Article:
Rackets to End, Not Mend

Published August 14, 2010

Here’s a paradox for you: The U.S. private savings rate has soared even as the reward for saving has tanked.

Americans are doing all they can to reduce their debts and put money away for rainy days, and the federal, state and local governments are doing all they can to pile debts onto our backs, reward borrowing and punish saving.

Some facts:

 The amount of revolving credit debt outstanding — primarily credit card debt — has declined for 20 consecutive months, according to the Federal Reserve.

• The U.S. savings rate has gone from nearly nil just before the recession to 6.4% in June. It has remained above 5% since October 2008. For the past two years, Americans have been putting money away at rates unheard of in the financial bubble years.

• This is happening even though bank savings and money-market accounts are paying virtually nothing. IMoneyNet, which tracks money-market funds, reports average fund yields are just 0.04%, and a quarter of money-market funds yield nothing. With an average return of just 0.04%, a $10,000 investment returns $4 in a year.

• The Federal Reserve has done this to savers by intentionally driving interest rates to nearly nothing. This week Fed officials announced they might pour even more money into bond markets to keep interest rates low.

• The world’s largest borrower is the U.S. government, followed by state and local governments collectively. The national debt stands at $13.3 trillion — about $43,075 for each man, woman, and child in the United States, because they earn virtually nothing on their money.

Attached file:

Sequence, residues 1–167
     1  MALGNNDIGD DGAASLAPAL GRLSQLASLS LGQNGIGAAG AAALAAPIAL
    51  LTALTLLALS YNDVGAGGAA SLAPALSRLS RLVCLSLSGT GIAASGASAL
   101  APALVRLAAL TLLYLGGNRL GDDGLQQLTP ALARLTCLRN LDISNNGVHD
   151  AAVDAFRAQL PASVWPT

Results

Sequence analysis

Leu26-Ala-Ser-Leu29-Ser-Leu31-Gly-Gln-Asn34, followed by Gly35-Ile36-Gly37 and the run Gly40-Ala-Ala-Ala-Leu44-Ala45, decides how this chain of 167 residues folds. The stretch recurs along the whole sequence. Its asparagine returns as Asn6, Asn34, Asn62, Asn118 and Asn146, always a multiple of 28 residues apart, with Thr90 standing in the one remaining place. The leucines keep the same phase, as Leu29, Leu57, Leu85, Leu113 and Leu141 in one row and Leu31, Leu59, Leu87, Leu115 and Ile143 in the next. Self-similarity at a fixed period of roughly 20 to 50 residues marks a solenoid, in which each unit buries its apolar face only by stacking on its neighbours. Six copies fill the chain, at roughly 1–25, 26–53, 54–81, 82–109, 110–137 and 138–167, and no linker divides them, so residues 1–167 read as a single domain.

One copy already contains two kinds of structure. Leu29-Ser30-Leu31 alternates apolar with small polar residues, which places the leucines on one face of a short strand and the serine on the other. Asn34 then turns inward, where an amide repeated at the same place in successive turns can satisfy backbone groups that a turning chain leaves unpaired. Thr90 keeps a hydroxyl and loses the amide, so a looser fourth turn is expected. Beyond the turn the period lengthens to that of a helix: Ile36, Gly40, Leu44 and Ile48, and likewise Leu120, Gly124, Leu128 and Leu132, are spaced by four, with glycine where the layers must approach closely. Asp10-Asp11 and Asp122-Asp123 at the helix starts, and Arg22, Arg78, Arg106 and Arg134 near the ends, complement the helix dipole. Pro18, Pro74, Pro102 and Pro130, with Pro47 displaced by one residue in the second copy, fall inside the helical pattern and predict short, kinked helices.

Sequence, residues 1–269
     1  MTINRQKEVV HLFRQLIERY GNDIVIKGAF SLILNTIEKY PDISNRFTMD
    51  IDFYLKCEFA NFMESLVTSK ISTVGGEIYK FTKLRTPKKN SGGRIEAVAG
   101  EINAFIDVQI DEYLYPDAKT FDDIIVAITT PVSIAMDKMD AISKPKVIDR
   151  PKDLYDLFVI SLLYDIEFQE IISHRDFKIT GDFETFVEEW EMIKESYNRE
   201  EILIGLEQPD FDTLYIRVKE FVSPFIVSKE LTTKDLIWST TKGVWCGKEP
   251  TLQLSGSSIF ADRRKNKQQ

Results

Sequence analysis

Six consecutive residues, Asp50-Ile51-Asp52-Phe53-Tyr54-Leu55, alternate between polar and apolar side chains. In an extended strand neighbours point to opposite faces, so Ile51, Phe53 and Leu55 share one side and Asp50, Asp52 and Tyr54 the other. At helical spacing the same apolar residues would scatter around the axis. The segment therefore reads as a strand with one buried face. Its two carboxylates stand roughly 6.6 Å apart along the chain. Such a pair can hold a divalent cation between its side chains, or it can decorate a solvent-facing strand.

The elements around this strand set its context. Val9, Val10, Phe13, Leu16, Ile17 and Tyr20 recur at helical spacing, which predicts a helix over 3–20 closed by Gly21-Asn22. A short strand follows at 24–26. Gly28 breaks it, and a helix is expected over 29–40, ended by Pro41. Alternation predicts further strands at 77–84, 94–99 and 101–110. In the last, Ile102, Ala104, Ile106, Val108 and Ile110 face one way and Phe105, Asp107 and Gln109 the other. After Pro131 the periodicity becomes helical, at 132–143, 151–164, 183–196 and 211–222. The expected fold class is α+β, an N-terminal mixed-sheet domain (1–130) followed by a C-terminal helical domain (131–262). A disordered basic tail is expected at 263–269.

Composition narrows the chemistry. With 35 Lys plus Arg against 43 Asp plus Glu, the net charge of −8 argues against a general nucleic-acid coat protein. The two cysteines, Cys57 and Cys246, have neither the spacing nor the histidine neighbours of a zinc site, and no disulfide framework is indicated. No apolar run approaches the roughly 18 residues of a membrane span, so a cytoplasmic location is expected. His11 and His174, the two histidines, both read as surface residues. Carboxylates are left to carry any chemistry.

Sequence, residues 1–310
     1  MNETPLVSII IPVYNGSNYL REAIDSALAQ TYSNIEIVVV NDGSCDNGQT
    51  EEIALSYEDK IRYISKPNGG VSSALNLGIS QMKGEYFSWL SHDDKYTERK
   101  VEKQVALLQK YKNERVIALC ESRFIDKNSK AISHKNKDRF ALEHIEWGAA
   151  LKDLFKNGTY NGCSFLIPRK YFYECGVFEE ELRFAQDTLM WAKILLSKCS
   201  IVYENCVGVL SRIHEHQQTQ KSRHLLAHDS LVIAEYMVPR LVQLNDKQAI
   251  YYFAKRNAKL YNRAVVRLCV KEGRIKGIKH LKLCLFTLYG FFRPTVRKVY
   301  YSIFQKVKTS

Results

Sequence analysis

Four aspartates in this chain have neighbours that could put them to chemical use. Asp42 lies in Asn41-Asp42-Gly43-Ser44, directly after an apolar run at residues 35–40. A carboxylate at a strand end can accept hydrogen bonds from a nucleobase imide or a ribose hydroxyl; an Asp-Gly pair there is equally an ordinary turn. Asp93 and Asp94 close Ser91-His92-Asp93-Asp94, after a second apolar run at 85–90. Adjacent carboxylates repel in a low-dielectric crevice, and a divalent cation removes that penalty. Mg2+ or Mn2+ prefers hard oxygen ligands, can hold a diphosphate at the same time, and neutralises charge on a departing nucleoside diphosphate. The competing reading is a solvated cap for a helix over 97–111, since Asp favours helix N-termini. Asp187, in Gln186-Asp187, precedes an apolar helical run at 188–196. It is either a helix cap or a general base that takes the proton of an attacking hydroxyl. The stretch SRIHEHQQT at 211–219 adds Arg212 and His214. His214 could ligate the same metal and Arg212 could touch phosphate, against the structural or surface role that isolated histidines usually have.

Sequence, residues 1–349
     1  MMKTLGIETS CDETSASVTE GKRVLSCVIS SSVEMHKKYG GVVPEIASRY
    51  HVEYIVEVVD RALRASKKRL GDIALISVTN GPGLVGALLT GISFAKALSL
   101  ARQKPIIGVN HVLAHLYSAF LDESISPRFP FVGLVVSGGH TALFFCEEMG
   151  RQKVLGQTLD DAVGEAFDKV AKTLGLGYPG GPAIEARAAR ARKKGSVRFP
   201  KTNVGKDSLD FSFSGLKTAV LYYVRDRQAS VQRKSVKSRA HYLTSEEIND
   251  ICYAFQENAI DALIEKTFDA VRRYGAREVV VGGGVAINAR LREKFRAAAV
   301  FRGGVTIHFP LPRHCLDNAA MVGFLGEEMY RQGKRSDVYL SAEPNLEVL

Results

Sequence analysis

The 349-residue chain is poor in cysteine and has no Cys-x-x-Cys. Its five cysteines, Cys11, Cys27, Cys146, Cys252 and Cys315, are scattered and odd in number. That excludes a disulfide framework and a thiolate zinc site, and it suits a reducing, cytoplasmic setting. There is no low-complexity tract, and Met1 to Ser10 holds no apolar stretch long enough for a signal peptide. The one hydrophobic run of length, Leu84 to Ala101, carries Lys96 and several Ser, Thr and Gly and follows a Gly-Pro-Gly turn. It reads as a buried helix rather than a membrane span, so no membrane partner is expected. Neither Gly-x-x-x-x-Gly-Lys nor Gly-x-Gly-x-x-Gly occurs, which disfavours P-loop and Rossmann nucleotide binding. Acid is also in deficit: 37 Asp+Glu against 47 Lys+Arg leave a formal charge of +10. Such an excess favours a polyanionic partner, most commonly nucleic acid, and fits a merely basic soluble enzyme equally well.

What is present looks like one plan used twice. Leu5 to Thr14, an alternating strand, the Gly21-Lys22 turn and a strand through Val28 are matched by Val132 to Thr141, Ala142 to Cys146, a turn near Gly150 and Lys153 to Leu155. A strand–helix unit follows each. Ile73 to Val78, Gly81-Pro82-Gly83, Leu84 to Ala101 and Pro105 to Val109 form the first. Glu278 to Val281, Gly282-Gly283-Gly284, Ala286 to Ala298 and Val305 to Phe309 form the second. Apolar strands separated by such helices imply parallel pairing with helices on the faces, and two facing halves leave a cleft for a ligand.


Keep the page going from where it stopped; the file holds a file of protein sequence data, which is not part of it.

• Low interest rates reward borrowers by making borrowed money cheap.

• Tax policies reward borrowers by allowing them to deduct interest they pay on borrowed money.

• Tax policies penalize savers by making them pay tax on interest they earn on saved money.

Some White House officials and others, not content with the ways government policies already discourage saving, are trying to encourage people to spend more money, arguing it’s needed to grow the economy.

That was also the reason for the “economic stimulus” package enacted near the end of George W. Bush’s term in office and the much larger ($862 billion) stimulus package under President Barack Obama. They argue the economy needs more consumer spending to get healthy.

Federal Reserve statistics disprove that claim. Between 1980 and 1994 the U.S. savings rate averaged 8%. Most of those were heady years for economic growth compared to what we see today.

Since World War II there have been 11 recessions. The prior 10 recessions averaged 10.4 months in length, according to the National Bureau of Economic Analysis. Our current Great Recession started in December 2007 — 31 months ago.

Can anyone doubt one reason consumer spending has been weak during the Great Recession has been that people went into it with little or no money saved for a cash cushion? Living paycheck to paycheck is no way to weather a financial storm.

Encouraging people to spend rather than save is the wrong policy for the current time. The more money people save, the more financially secure they are. And the more secure people are, the more likely they are to start spending and investing.

Americans are right to be saving money to increase their financial security. Spending beyond our means — both in government and in our personal lives — caused the bubble that led to the crisis. Most Americans know this.

Too bad so many people in positions of government power choose to deny the obvious.

Stanek is a research fellow at the Heartland Institute in Chicago.